(Related to the short-sighted absurdity related by Akira MacKenzie@13, and cross-posted from poopyhead’s current [Pandemic and] Political Maddess All The Time thread.)

    OH FOR FECK’S SAKE (AND YES I AM SHOUTING), The tech execs who don’t agree with ‘soul-stealing’ coronavirus safety measures (Grauniad edits in {curly braces}):

    If we wish to maintain our productivity, we need to continue working in [our] offices, one CEO told his staff in an email

    Michael Saylor does not often send all-staff emails to the more than 2,000 employees at Microstrategy, a business intelligence firm headquartered in Tysons Corner, Virginia. So the chief executive’s 3,000-word missive on Monday afternoon with the subject line My Thoughts on Covid-19 got his employees’ attention.

    It is soul-stealing and debilliating {sic} to embrace the notion of social distancing & economic hibernation, Saylor wrote in an impassioned argument against adopting the aggressive responses to the coronavirus pandemic that public health authorities are advising. If we wish to maintain our productivity, we need to continue working in {our} offices.


    Saylor argued that the economic damage of social distancing and quarantines was greater than the theoretical benefit of slowing down a virus and suggested that it would make more sense to quarantine the 40 million elderly retired, immune compromised people who no longer need to work or get educated.

    In the absolutely worse case, the overall life expectancy worldwide would click down by a few weeks, he added. Instead of 79.60 years to live we would have 79.45 years to live. 1 out of 500 people will pass on a bit sooner, or not, or die from a celebrated disease instead of just old age, he added. We should continue to do our work, serve our customers, educate our children, cultivate our health, pursue our hobbies, worship our gods, enjoy our sports, cherish our friends, listen to our music, eat, drink, & be merry.

    Microstrategy did not respond to numerous requests for comment.


    Elon Musk, billionaire chief executive of Tesla and SpaceX, prompted considerable consternation when he tweeted, The coronavirus panic is dumb[] to his 32.3 million followers on 6 March. Despite widespread criticism of his message, which flew in the face of public health efforts to convince the general population to take the spread of the virus seriously, Musk has continued to downplay the threat.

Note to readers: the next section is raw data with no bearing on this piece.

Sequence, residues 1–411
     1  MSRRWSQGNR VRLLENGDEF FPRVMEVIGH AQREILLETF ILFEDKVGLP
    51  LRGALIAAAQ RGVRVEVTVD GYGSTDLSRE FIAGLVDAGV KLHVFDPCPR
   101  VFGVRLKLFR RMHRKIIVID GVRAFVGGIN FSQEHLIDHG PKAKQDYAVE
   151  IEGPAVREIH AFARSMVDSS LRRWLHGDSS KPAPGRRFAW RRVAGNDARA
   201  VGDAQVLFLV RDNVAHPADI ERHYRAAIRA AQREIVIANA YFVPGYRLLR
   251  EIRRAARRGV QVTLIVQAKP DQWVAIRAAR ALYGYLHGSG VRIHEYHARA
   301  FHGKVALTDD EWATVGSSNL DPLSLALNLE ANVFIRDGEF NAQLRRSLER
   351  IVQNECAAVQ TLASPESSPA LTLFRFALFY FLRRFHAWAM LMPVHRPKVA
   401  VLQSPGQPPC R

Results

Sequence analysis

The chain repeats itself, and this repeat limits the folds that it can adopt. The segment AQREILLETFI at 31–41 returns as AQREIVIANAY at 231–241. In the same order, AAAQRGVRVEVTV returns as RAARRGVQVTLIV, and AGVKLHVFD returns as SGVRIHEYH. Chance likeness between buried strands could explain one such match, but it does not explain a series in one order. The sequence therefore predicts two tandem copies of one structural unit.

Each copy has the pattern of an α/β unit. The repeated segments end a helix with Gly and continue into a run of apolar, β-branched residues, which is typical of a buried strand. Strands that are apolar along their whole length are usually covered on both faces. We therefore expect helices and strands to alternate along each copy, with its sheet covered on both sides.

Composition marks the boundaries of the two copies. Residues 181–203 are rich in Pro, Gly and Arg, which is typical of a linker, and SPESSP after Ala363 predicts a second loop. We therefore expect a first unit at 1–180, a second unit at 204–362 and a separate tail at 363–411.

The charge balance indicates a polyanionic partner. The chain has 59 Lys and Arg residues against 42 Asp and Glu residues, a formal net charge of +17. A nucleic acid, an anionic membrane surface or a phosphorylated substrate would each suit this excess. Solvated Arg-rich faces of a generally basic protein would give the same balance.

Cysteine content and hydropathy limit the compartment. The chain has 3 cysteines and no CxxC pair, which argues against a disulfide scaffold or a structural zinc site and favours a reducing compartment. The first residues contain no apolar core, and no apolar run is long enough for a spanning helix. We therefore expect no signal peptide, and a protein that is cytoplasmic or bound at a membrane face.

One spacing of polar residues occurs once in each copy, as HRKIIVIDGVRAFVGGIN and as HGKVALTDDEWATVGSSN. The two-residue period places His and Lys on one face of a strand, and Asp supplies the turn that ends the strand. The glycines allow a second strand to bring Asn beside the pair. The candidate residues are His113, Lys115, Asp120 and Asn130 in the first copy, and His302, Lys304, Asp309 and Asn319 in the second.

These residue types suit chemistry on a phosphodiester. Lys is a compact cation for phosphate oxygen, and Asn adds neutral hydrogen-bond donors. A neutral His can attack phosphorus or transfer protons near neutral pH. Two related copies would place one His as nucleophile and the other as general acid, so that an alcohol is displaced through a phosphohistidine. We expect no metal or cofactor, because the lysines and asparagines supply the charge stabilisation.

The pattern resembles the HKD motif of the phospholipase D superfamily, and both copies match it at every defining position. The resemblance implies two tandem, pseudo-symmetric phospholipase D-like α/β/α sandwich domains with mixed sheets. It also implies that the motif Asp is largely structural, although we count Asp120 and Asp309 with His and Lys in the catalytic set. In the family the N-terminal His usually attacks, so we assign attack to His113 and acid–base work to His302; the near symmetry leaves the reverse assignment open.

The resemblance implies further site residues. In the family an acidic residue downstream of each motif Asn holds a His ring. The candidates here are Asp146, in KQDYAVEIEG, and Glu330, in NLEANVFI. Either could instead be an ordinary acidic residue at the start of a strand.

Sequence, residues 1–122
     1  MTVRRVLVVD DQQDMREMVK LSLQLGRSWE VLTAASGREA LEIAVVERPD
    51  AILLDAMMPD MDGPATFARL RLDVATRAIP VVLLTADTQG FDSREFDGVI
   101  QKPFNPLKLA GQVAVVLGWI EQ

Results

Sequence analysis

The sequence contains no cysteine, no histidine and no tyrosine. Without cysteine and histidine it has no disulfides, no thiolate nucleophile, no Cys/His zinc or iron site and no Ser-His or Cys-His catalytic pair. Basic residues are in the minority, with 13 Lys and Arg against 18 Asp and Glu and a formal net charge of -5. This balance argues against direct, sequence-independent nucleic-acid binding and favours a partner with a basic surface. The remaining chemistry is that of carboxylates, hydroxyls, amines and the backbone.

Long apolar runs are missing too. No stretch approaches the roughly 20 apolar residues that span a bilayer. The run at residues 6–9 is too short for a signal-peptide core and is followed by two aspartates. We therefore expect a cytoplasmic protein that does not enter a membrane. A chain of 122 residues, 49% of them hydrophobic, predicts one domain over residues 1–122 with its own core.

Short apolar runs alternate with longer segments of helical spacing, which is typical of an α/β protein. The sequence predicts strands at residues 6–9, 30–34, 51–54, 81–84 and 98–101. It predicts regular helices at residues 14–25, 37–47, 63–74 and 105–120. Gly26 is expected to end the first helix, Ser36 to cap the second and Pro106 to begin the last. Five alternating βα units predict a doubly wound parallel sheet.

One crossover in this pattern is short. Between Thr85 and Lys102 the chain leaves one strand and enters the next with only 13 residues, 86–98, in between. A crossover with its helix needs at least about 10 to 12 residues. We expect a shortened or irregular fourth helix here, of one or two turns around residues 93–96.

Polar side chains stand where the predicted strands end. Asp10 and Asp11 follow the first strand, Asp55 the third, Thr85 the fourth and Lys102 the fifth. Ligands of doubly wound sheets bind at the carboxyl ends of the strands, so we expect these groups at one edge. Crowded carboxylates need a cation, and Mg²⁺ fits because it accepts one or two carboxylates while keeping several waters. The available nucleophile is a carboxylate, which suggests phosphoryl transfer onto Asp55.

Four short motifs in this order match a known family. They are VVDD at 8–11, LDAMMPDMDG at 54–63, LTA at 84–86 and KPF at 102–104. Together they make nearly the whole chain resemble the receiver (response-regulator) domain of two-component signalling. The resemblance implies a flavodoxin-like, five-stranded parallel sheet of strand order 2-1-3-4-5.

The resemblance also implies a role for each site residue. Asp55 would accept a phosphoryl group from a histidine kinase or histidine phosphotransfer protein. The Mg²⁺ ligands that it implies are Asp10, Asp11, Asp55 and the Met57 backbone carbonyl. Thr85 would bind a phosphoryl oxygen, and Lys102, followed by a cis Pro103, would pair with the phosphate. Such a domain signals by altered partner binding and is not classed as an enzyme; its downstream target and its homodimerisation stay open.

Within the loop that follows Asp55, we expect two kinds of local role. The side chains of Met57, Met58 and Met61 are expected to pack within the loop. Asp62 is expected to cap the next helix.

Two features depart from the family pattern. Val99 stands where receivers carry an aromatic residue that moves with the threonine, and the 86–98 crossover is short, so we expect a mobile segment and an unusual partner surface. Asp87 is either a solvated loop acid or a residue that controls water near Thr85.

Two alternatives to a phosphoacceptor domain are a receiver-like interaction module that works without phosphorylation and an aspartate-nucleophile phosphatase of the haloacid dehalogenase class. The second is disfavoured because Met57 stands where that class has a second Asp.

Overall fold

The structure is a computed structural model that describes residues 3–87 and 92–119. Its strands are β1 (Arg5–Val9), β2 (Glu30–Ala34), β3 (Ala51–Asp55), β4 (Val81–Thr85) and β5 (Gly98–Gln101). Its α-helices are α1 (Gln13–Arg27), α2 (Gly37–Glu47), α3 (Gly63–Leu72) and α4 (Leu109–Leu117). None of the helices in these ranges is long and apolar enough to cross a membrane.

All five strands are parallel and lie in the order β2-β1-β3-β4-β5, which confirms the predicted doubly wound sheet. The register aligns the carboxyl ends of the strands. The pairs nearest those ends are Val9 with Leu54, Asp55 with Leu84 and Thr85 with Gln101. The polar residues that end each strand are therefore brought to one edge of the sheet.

As a basis for comparison, the risk of death from C19 is *vastly* less than the risk of death from driving your car home, Musk wrote in an email to SpaceX employees, according to BuzzFeed News. There are about 36 thousand automotive deaths per deaths {sic}, as compared to 36 so far this year for C19.


    One Silicon Valley leader who is attempting to push companies in the other direction is David Heinemeier Hansson, the creator of Ruby on Rails and co-founder of Basecamp. Hansson has been using his Twitter account to “name ’n’ shame” tech employers who are not allowing employees to work remotely, going so far as to set up a dedicated email for employees to submit anonymous reports.

    Hansson has tweeted out the names of dozens of companies chastising them for not allowing employees to work remotely, and told the Guardian that he has “hundreds” more reports that he is still reviewing. He has said he will delete tweets if a company changes its stance.

    “If you’re gathering people in the office who could work from home, you simply have no excuse and you will eventually have blood on your hands,” Hansson said. […]

    By Tuesday afternoon, Hansson had tweeted a screenshot of the Microstrategy CEO’s email, though the excerpt he highlighted did not include Saylor’s peculiar views on public health.

    The current policies represent a threat to our civil liberties, economic liberties, & physical/mental health that far exceeds the theoretical benefit of slowing down a virus, Saylor wrote. They will bankrupt small and large businesses, eliminate jobs, destroy assets, impoverish multitudes. If our interest is the public health, then depriving the entire population of education, jobs, sports, recreation, entertainment, assets, exercise, bars, restaurants, museums, religious ceremony, group celebrations is certainly unhealthy to them.


    This Saylor genocidal maniac is clearly unfamiliar with the epidemiological curve ( from
    It’s not exponential: An economist’s view of the epidemiological curve), which is well-observed fact.

      † Whilst the eejit is correct in the sense panicking is unwise, that clearly isn’t what the fecking fool means.

    (Akira MacKenzie, you might want to try getting in contact with David Hansson; what you related sounds like what he is looking for.)